Senate panel guts patient visitation bill

Riley Bunch, The Valdosta Daily Times, Ga.
·3 min read

Mar. 25—ATLANTA — After stark opposition from medical providers, Senate lawmakers gutted a bill that would have prohibited hospitals and nursing homes from banning visitors during public health emergencies.

Possibly the most controversial bill being debated this session — behind wide-sweeping elections changes — proponents argued that no health emergency or executive order could revoke the rights of a patient to see a family member while opponents decried the impact visitors could have on hospital infection-control efforts.

The version that passed out of the House allowed a "legal representative" — an individual who is designated to help make medical decisions — at least one hour of visitation a day to patients in acute care settings. In long-term care settings, more flexibility for caregivers is allowed.

After the pandemic shuttered hospitals and nursing homes to visitors many Georgians felt the emotional toll of the strict infection control efforts that kept families apart for months.

The bill's sponsor, Rep. Ed Setzler, argued the bill does not give free-for-all visitation rights but makes sure patients have access to a familiar face to help make "life-changing medical decisions."

"What this bill does is, after 12 hours," Setzler said Wednesday, "it gives the patient the right to say, you know what I want to have a person standing next to me to make the life-changing decisions that I'm facing isolated here all by myself."

But the Senate panel voted to gut the bill, essentially squashing the effort.

Bainbridge Republican Sen. Dean Burke raised concern that there was not enough time left in the session for lawmakers to perfect this bill as needed.

"Our health care system has just gone through a shock like it's never been through in my 63 years and I would say it's probably much longer than that," he said. "I'm just extremely concerned that this bill needs more work."

Burke sponsored an amendment that directs medical providers to craft visitation guidelines that are no stricter than ones already outlined by the Centers for Medicare & Medicaid Services and directs the Georgia Department of Community Health to create a system for patients and visitors to report facilities that institute overly strict policies.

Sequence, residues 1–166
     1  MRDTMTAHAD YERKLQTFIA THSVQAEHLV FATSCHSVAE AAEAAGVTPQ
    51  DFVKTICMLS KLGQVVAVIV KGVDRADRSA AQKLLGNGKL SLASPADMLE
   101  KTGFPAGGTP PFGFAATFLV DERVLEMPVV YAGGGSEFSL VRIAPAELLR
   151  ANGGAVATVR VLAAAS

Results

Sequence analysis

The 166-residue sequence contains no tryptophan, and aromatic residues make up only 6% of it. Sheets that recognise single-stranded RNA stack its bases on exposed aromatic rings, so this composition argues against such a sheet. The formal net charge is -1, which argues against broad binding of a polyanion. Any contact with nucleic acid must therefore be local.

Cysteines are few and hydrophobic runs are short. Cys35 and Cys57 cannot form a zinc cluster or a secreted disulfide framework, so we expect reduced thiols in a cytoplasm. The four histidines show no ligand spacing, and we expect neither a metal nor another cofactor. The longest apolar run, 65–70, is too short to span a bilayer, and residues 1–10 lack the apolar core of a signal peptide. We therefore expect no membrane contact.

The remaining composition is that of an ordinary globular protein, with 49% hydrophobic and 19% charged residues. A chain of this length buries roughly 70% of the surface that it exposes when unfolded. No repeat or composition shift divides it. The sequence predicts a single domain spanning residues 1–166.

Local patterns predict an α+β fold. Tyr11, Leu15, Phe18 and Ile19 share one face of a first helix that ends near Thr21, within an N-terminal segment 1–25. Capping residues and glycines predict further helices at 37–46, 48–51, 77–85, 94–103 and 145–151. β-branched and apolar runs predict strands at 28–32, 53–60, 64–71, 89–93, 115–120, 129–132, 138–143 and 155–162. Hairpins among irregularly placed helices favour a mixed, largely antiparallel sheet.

Cumming Republican Sen. Greg Dolezal objected to the change and cautioned lawmakers about saving this issue for a future date.

"I would hate to see this bill gutted," he said. "Because if I've heard from anything from my constituents — other than all the noise we've heard around the elections — I would have to say this particular issue has been the one that I've heard the most from, from my constituents."

Medical providers have fervently fought against the bill, saying that under extreme circumstances such as the COVID-19 pandemic, decisions like closing hospitals to visitors are made to protect staff and other vulnerable patients.

Deb Bailey, director of government affairs with the Northeast Georgia Medical Center, recalled when Hall County had a 35% COVID-19 positivity rate — making it among the counties with the highest rates of the virus in the country.

Bailey said at the time, 350 patients in the 750-bed hospital were COVID-19 positive. The facility was overwhelmed, she said, and had coronavirus patients in their emergency department, psychiatric department and in a gym on cots.

"We ended up with 1,000 of our staff being positive for COVID, and we lost several of them," she said. "We're asking today, that you allow our infectious disease physicians, and those that are responsible for the care of our patients and our staff, the ability to make that decision, when that is necessary on when patients are allowed to visit."

But lawmakers also faced heart-wrenching testimony from Georgians who have been kept from their loved ones. Lori Ciminelli told lawmakers that her mother, who has been in a long-term care facility for two years, suffered "failure to thrive" during COVID when Ciminelli couldn't visit her and deteriorated in health.

"She didn't care anymore. And she didn't understand where I was," she said. "The dementia is accelerated because of this."